Central Asian miniature painting
The Delhi court had two prominent masters from Samarkand, Muhammad-Murad and Muhammad-Nadir. Of special prominence was Muhammad-Nadir Samarkandi, who worked in Delhi from the year 1590 up to the middle of the seventeenth century. He won fame as an outstanding portrait-painter both, of single and group portraits (the so-called derbars, i.e. scenes of court receptions). Muhammad-Nadir is thought to be the founder of a special graphic manner siyakhi-kalium: i.e. to have introduced a volume-plastic face portrait, done in Indian ink. He was also a master of genre compositions, hence, his miniature Merchants pulling Yussuf out of the Well (SPL, Dorn-489), a blend of Central Asian and Indian styles.

ULUGH BEK. Fragment of miniature Ulugh Bek with family and suite on a falconry. The Freer Gallery. MS. Washington
ULUGH BEK. Fragment of miniature Ulugh Bek with family and suite on a falconry. The Freer Gallery. MS. Washington

In the seventeenth century the miniature of Central Asia went on perfecting and evolving the stylistic tendencies of the past. Nonetheless, this was the closing, so to speak, the blindalley period in its history. Despite its superb professional merits, it lacks innovations entirely indispensable in promoting advancement in art. The art of miniature painting in Central Asia seemingly belongs to the past. And yet its certain features, although modified (in monumental murals, tile panels, oil paintings and engravings) are clearly visible in the works of Soviet painters, in particular, whenever their subject is the classics of Oriental literature, historical matter, or folk-tales.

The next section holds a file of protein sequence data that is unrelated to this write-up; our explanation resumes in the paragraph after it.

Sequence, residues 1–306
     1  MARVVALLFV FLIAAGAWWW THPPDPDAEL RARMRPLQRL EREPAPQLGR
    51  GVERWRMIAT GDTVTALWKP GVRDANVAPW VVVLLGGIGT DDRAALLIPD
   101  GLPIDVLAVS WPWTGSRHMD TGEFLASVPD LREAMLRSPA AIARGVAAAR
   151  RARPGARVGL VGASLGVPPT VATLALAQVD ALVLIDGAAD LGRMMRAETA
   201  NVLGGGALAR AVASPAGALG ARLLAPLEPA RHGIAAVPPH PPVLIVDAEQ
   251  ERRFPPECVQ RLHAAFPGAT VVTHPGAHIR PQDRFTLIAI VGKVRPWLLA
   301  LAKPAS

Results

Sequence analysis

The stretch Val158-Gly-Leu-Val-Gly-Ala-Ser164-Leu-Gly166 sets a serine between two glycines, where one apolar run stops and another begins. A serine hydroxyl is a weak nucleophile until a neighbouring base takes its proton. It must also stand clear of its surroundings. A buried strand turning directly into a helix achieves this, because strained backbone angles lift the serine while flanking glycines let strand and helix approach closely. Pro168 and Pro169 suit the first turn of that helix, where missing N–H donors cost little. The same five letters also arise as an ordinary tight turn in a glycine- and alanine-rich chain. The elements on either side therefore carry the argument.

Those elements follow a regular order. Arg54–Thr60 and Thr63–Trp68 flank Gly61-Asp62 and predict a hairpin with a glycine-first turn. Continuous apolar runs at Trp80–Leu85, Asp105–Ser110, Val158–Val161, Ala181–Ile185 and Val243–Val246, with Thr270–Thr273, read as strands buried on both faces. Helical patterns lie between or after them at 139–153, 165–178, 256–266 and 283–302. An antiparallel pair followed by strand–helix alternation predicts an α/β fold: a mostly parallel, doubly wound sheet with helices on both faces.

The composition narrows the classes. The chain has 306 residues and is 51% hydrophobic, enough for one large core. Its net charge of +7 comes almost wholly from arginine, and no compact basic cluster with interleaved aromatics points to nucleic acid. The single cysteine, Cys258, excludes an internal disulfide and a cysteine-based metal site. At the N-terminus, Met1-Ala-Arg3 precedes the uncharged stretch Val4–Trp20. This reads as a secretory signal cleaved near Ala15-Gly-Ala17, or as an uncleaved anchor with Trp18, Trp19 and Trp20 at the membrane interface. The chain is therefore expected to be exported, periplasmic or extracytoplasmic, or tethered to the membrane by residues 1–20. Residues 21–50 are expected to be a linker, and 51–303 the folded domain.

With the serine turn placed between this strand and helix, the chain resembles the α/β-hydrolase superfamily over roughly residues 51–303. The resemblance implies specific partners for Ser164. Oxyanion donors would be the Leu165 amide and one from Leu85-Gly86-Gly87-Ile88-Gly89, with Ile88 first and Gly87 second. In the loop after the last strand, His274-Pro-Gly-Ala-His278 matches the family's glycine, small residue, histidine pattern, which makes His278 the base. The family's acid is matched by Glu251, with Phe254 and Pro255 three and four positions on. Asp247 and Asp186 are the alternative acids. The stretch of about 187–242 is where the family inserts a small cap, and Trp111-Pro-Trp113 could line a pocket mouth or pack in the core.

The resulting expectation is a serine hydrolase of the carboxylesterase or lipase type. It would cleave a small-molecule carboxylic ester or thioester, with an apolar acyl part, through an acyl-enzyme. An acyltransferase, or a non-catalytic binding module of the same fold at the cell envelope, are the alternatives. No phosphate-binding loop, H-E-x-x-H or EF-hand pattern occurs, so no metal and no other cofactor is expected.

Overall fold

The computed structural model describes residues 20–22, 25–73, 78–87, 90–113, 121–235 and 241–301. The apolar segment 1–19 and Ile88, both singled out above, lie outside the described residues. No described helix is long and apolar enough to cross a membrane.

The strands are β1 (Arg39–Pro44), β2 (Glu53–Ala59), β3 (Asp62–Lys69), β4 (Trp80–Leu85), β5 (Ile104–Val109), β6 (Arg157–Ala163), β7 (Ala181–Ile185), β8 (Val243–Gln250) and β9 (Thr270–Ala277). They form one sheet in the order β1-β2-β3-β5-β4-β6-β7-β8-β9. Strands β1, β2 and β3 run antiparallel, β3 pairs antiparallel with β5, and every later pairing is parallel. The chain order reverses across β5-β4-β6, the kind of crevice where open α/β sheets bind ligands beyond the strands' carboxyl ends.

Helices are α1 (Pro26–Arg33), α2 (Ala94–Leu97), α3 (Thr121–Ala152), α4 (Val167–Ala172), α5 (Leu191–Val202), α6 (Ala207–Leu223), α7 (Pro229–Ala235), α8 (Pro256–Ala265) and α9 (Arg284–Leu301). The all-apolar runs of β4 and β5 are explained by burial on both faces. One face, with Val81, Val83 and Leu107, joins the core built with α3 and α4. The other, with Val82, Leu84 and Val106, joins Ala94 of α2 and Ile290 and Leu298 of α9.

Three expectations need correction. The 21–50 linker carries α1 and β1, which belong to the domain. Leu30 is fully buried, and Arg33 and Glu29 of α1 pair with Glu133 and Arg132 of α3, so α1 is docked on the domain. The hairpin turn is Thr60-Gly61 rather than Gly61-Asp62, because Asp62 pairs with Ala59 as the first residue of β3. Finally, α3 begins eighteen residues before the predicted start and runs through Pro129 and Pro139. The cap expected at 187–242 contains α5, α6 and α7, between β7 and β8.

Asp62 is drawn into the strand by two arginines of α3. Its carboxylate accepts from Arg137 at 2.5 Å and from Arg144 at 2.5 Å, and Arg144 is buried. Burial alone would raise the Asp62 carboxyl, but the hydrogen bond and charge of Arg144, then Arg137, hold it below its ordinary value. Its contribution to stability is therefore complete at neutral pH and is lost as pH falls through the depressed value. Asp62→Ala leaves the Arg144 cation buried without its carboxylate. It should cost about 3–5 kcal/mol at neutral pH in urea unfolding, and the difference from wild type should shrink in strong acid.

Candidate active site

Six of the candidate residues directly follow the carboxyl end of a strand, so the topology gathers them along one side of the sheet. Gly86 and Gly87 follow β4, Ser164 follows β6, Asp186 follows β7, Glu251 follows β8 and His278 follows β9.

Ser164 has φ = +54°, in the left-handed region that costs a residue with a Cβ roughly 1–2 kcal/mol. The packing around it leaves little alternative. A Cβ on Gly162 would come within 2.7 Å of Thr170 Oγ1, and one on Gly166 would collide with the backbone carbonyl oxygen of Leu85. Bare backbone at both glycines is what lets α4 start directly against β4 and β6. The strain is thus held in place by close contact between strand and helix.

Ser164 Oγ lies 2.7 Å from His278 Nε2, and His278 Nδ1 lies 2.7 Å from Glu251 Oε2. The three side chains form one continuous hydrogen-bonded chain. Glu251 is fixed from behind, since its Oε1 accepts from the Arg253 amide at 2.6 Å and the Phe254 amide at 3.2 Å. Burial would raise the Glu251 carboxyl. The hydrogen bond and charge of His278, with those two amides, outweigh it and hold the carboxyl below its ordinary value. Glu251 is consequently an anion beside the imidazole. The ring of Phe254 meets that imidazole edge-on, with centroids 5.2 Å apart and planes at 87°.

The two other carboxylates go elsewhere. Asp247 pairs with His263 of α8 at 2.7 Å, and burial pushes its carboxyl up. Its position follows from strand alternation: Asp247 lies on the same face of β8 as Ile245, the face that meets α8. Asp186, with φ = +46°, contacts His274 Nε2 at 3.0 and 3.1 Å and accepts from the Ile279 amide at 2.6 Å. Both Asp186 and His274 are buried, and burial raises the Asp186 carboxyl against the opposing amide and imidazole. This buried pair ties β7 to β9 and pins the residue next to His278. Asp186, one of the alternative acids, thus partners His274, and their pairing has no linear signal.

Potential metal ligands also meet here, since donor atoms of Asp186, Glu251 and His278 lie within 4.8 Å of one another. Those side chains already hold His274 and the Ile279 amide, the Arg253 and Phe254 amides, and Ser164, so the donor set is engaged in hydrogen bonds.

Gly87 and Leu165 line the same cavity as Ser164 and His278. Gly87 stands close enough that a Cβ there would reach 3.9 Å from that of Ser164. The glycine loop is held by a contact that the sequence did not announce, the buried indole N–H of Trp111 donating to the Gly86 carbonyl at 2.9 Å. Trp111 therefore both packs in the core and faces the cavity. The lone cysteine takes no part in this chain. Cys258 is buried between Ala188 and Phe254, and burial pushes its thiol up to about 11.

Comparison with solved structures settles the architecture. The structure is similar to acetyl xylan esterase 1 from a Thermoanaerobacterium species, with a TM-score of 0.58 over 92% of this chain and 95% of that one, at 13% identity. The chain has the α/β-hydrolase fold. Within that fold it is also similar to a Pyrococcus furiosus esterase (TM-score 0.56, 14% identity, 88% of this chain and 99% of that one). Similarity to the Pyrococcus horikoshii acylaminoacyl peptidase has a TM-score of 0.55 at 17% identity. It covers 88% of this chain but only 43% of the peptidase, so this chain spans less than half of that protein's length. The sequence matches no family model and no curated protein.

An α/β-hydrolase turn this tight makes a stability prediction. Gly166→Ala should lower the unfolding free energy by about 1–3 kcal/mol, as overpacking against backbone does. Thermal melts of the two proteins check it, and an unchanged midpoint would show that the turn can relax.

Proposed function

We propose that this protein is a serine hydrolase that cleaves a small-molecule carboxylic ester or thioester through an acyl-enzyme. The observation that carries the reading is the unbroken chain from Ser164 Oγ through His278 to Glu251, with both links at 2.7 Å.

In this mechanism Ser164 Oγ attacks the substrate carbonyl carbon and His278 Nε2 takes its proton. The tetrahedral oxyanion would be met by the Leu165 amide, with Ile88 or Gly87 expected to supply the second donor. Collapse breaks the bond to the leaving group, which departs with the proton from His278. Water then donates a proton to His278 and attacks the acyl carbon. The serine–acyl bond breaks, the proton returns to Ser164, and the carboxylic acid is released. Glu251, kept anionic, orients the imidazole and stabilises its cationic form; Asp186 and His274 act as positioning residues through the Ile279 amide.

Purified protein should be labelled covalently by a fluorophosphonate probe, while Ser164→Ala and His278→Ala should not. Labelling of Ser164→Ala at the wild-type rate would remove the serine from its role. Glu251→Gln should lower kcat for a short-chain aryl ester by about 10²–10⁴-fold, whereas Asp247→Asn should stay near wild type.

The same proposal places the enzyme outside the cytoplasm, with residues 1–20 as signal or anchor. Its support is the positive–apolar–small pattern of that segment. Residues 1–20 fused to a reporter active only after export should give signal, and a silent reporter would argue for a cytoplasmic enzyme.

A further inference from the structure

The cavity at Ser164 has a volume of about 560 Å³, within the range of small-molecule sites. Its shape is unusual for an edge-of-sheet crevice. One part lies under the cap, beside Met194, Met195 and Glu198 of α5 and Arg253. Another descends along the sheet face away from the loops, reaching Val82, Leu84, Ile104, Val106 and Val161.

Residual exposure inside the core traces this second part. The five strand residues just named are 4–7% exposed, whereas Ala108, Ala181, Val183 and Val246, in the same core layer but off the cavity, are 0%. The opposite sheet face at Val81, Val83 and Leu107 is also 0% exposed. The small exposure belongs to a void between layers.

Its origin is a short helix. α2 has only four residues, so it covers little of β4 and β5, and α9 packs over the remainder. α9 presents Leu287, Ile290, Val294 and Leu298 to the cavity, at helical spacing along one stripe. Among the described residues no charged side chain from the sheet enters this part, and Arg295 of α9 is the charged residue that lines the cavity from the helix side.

The best in these creations was achieved not by a mere stylization a l'antique but by an adoption of the principles that had been worked out by the masters of miniature. This is a proving evidence of the fact that creative discoveries in art of the past epochs do not die and that artistic heritage is a life-giving spring continuously watering the soil for new shoots of the beautiful.
The review of the best and though not quite perfect but typical examples of Central Asia miniature of the 15th17th centuries makes it apparent that it was not a declining offshoot of the miniature painting of the Middle Est, as it was considered until recently, but one of its numerous deep channels. Similar to a river, it occasionally diverged into several branches, but then they all got together into a single flow taking in all the streams of idea from the outside and handing off creative spurts away to distant countries.

1 2 3 4 5 6 7 8 9 10 11 12 13 14